My question is a bit generic, so I'm making up a nice story to justify it. Bear with me if it's not realistic ;-)
Mr. X, the head of the computer security department at a big company, is a bit paranoid: he requires that all employees change their passwords once a month, in order to minimise the risks of identity or information theft. Moreover, he does not trust the employees to be able to come up with secure passwords.
Therefore, every month, he generates new passwords using a piece of software he wrote, and gives them to the employees so that they can log in again. But besides being paranoid, Mr. X is also a bit lazy: the passwords he generates all follow some pattern, and the algorithm used to allow people to log in only checks that the password "looks okay" according to that rule, and that it is not in the "expired list".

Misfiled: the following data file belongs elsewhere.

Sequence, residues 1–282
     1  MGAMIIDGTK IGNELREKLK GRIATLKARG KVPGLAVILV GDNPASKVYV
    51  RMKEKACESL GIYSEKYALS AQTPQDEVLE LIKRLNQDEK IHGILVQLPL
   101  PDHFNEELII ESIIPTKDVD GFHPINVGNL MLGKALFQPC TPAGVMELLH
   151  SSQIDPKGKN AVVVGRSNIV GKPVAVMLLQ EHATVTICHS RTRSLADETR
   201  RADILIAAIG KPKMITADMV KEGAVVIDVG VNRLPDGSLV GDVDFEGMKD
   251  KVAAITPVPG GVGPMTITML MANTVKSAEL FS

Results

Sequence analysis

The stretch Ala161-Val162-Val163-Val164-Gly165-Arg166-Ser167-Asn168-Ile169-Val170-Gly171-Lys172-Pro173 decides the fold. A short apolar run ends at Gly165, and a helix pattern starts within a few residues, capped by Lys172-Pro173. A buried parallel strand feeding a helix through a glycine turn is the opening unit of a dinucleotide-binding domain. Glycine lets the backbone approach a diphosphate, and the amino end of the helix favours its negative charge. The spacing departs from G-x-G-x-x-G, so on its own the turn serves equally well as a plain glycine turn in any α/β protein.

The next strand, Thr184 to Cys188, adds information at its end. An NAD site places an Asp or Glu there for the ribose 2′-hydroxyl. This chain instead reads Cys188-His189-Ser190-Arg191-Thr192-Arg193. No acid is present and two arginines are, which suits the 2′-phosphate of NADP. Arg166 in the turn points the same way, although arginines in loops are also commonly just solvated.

Unfortunately, his pretentious behaviour made a lot of people bitter, and one of them, Mr. Y, decides to prove him that he can crack his passwords. So, one night, he collects a few of them, and starts trying to design a learning algorithm for generating valid passwords, using his personal computer to verify them.
The oracle used by Mr. Y is a bit strange, in that it tells him "the truth, but not the whole truth" (hence the "taciturn" adjective). More precisely: Mr. Y will know that a password is valid when his computer accepts it, but when a password is rejected, Mr. Y will not know whether or not it could have been valid: the password may be rejected because it does not correspond to some pattern, but it may also be rejected because it used to be valid but no longer is, according to Mr. X's "change once a month"-rule.
So, will Mr. Y ever be able to come up with anything in that setting? Or can we claim/prove that Mr. X's passwords are inherently unpredictable (as defined in the PAC learning setting, but maybe this concept exists in other frameworks)?